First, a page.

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Start Here to Learn About SIP!

The Session Initiation Protocol (SIP) is a signaling protocol that is used by technology products for creating session-oriented connections between two or more endpoints in an IP network. These endpoints could be IP telephones, instant messaging clients, or a collaborative multimedia conference application.

The core protocol itself (chiefly RFC 3261 to RFC 3265) is maintained within the IETF SIPCORE working group. Work on extensions to SIP is carried out in a number of IETF working groups established as needed. In addition, the IETF DISPATCH working group considers proposals for extensions to SIP and allocates work to new or existing working groups as appropriate. Note that prior to 2009, work was carried out in the former SIP and SIPPING working groups.

The SIPCORE and DISPATCH charters are available from the IETF website here:

http://www.ietf.org/dyn/wg/charter/sipcore-charter.html

http://www.ietf.org/dyn/wg/charter/dispatch-charter.html

While the protocol is now "final" enough to build sophisticated telecom systems using SIP, the IETF working groups continue to forge new and novel concepts on how to apply SIP. You can explore some of these ideas in the SIP Internet Drafts summary on our site.

It is important to note that the SIP Forum is not an SDO (Standards Development Organization) or protocol creation body; Our charter is to promote and advance the interoperability of products and services using SIP.

However, in this context, the Forum does assist the industry by specifying Recommendations on how industry vendors and service providers should select among choices available within the protocol itself in order to build and deploy products and services which are highly interoperable with each other.

 

White Papers

While technical readers may wish to begin with the IETF RFCs listed at the Working Group pages linked above, non-technical readers may want to take advantage of the White Papers on SIP and SIP-based technology many of our members have produced. While these are slightly on the technical side, they are definitely readable by mere mortals, and don't require deep engineering skills. These White Papers are a huge resource for people just learning about SIP. A brief summary about SIP is also available at the SIP Center.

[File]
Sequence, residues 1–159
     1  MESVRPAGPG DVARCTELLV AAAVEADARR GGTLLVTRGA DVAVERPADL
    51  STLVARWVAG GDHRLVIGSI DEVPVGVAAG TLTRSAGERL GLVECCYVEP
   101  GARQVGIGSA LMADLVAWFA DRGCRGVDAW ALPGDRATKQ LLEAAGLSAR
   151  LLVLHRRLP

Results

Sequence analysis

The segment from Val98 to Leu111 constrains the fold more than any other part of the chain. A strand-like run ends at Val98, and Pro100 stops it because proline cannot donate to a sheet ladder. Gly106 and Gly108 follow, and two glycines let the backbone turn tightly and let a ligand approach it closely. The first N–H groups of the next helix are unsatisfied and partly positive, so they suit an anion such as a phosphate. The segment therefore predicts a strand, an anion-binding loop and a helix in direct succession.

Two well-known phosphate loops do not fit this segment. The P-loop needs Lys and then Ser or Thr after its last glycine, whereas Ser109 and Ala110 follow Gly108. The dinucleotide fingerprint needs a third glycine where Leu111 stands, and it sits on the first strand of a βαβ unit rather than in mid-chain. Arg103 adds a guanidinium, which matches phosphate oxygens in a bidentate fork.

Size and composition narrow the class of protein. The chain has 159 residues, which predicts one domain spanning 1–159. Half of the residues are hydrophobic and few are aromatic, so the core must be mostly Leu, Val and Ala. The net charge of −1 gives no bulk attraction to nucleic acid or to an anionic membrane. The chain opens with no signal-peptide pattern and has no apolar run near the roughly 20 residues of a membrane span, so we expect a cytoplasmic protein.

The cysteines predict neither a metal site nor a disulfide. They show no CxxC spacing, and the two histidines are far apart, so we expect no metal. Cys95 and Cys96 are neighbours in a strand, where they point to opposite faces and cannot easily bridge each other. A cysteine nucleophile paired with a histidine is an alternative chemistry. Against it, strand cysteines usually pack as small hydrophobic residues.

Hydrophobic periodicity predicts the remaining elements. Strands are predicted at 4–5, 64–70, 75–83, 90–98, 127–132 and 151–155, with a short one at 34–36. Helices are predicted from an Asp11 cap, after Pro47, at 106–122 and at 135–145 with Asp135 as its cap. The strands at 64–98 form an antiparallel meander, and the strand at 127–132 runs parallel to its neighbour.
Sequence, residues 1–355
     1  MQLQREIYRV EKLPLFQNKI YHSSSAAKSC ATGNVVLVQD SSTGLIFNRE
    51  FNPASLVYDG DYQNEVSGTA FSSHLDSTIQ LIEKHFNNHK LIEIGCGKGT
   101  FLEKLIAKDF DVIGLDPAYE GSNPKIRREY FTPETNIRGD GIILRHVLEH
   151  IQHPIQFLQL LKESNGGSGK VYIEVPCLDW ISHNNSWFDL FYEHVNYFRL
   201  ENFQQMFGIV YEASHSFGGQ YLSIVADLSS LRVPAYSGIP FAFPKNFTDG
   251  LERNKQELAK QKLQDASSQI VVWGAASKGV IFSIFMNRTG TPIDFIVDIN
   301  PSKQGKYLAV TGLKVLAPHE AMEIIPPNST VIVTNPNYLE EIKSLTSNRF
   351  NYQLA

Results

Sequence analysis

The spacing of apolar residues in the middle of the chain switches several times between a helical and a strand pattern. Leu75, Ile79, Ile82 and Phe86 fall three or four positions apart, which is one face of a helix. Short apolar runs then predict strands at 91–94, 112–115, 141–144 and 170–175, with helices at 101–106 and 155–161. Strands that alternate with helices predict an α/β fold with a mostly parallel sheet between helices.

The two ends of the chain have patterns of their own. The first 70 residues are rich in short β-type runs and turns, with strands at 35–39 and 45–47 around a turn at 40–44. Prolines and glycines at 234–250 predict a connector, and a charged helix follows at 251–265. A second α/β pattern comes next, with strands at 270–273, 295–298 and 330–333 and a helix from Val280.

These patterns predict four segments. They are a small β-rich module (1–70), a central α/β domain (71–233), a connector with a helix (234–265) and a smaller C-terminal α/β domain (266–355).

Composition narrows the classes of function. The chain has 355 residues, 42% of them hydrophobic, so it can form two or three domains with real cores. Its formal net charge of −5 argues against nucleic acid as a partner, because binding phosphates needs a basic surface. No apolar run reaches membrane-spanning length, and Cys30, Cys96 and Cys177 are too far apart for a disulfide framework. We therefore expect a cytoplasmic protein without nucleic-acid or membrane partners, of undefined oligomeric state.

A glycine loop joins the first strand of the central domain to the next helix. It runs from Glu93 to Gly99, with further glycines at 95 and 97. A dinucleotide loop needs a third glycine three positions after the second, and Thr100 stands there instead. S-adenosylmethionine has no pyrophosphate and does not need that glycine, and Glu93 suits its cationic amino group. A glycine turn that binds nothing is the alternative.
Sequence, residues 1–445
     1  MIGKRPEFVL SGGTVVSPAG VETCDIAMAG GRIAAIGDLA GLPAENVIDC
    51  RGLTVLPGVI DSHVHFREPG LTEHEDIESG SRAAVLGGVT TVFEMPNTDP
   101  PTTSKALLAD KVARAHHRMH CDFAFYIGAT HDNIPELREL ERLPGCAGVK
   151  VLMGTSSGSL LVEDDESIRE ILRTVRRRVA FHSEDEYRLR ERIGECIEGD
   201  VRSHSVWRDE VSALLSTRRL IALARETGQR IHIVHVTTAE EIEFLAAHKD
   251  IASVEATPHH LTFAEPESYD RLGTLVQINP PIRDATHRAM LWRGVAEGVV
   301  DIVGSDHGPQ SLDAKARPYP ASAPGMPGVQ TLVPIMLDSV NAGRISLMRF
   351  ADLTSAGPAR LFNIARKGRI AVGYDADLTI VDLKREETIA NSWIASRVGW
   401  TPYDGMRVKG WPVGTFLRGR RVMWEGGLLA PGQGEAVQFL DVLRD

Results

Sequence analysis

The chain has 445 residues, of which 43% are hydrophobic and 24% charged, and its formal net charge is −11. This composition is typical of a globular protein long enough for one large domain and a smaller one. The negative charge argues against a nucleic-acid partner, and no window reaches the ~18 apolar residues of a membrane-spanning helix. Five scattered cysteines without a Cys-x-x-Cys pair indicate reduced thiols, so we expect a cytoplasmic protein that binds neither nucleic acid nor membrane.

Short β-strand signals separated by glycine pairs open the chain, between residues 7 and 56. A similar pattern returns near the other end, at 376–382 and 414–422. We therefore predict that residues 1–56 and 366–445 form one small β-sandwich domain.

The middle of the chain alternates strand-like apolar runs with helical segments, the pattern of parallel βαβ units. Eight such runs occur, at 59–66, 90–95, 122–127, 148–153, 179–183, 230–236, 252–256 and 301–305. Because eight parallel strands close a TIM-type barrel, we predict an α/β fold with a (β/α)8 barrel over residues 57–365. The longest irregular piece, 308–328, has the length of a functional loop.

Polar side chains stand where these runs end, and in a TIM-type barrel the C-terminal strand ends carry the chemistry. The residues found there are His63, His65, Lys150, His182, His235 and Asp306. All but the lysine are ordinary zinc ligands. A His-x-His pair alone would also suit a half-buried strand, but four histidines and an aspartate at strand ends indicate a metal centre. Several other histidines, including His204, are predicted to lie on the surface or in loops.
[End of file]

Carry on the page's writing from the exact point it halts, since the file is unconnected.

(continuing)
Products and Services using SIP

No matter who you are, you can find a wide variety of standards-based SIP products and services for you to use in your application.

Generally, industry providers divide their products into the following categories, based on the type of customer and application involved: enterprise products, open source products and components, consumer services, service provider products, and development tools.

 

The SIPconnect Technical Recommendation

The SIPconnect Technical Recommendation is an industry-wide, standards-based approach to direct IP peering between SIP-enabled IP PBXs and VoIP service provider networks. The SIP Forum promotes the SIPconnect initiative to the IP Communications industry, and supplies all input for future versions.

Other Resources

There a number of other resources -- both online and in print -- that are available to learn more about SIP and related technologies.

For example, there are online (and onsite) training courses available from the following companies:

For a search of books on SIP from Amazon.com, please click HERE

There are also some additional links in the menu on the left that can guide you to other web-based resources about SIP.

 

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